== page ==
This one is arguably worse than BrightEdge. It gave people hope that they were getting financial assistance, only for them to instead see an ad for Chryslers, Dodges, and Jeeps. The pandemic is a touchy subject and using it for financial gain is just morally wrong and cold-hearted.
#6: Sending Early or Late Emails
Even big brands slip up every now and then with their marketing strategy. Need an example? Look no further than this Jimmy John’s email, which was sent out in mid-July. It has a super interesting subject line.
While the subject line “u up?” is pretty funny, Who actually wants a 10 PM booty call from a sandwich shop? It’s kind of creepy to get this kind of marketing email, even if they had the right intentions.
Plus, research shows that 53% of emails are opened during the workday between 9 a.m. and 5 p.m. An email that’s way earlier or later than this time window can make your company seem desperate and a little invasive.
#7: Showing Up at Their Door
Some companies are so bold as to actually knock on your door to try and make a sale. Magazine subscriptions, kitchenware, political campaigns, religions, cable services… these are a few examples of industries that rely on door-to-door services.
We all have a right to our privacy. Soliciting is a touchy subject, and you need some kind of permit to sell door-to-door, anyway. Get off the lawn if you don’t have the authority to be there!
It probably goes without saying that we didn’t end up buying what BrightEdge had to offer. They were too pushy, too forward, and too annoying for us to even feign interest.
So let this be a lesson that you don’t have to bully or badger people into buying your product or service. If you have something good to offer, it will speak for itself. Rely on clever marketing strategies and have some class when it comes to your sales techniques. The rest will follow.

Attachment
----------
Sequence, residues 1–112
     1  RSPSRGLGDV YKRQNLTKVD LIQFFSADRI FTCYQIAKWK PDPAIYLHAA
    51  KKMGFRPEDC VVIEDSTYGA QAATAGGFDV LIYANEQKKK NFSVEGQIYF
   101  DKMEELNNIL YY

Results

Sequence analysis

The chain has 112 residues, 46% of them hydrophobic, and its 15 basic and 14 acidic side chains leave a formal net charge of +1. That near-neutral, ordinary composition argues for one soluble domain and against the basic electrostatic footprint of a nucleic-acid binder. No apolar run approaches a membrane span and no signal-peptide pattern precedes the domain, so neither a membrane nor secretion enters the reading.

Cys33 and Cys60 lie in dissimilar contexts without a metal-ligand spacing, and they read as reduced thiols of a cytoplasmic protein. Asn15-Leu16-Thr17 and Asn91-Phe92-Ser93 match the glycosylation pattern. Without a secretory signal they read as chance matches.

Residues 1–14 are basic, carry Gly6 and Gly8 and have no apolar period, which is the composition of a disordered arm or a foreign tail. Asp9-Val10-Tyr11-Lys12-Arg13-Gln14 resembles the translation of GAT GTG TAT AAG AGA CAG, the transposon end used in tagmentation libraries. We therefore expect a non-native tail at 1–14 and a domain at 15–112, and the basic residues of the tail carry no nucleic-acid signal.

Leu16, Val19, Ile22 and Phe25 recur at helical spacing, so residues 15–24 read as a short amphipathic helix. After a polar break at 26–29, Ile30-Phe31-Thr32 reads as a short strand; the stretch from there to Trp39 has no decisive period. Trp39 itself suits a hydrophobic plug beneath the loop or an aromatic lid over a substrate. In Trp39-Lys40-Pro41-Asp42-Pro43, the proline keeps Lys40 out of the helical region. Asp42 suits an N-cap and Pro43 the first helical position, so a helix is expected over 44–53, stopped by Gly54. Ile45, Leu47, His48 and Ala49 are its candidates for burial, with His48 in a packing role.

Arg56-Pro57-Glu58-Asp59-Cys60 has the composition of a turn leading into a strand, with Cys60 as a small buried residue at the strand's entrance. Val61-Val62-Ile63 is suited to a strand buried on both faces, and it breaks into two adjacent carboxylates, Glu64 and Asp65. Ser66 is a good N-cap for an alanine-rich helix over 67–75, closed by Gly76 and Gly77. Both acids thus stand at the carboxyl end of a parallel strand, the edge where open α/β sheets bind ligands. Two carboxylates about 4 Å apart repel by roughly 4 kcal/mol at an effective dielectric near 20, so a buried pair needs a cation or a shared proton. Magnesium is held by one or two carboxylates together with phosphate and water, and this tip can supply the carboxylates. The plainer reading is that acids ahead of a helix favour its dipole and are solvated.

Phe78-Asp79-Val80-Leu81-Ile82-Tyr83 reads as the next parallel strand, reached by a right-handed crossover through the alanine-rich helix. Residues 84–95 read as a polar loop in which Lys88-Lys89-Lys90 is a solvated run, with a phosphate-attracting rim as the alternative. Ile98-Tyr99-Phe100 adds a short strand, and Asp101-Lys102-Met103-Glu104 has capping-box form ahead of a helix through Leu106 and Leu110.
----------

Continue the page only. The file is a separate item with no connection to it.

Sargent, I. (2020, April 13). Many People Furious After Plano Auto Dealership Sends Out Mailer Stamped, ‘COVID-19 Stimulus Assistance.’ Retrieved from, https://chicago.cbslocal.com/2020/04/13/many-people-furious-after-plano-auto-dealership-sends-out-mailer-stamped-covid-19-stimulus-assistance/
Morgan, H. (2018, March 28). 3 Reasons Being Aggressive in Sales is an Outdated and Harmful Tactic. Retrieved from, https://www.forbes.com/sites/heathermorgan/2018/03/28/3-reasons-being-aggressive-in-sales-is-an-outdated-and-harmful-tactic/#69863f465462
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CoSchedule Blog. What 14 Studies Say About the Best Time to Send Email. Retrieved from, https://coschedule.com/blog/best-time-to-send-email/
Ye, L. 15 Bad Habits That Make Salespeople Seem Pushy (And How to Correct Them). Retrieved from, https://blog.hubspot.com/sales/habits-that-make-salespeople-seem-pushy